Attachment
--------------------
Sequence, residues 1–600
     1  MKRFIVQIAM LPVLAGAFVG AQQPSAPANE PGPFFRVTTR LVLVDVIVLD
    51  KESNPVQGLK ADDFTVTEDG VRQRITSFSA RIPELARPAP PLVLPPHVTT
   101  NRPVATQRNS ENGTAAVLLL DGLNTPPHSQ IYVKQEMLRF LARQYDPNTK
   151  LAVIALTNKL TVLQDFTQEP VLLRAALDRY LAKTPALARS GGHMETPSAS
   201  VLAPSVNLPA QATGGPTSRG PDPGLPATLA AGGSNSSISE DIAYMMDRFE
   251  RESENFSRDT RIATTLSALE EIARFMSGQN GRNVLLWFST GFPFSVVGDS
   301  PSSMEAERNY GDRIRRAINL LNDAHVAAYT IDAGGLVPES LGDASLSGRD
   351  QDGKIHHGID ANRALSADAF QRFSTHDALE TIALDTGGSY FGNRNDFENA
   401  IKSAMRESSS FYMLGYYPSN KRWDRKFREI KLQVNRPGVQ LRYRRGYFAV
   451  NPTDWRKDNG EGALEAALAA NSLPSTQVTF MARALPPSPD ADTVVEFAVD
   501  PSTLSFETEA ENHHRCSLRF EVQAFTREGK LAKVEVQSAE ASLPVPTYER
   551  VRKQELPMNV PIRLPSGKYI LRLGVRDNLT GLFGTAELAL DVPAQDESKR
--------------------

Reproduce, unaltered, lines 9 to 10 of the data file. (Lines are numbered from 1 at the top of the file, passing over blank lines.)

   351  QDGKIHHGID ANRALSADAF QRFSTHDALE TIALDTGGSY FGNRNDFENA
   401  IKSAMRESSS FYMLGYYPSN KRWDRKFREI KLQVNRPGVQ LRYRRGYFAV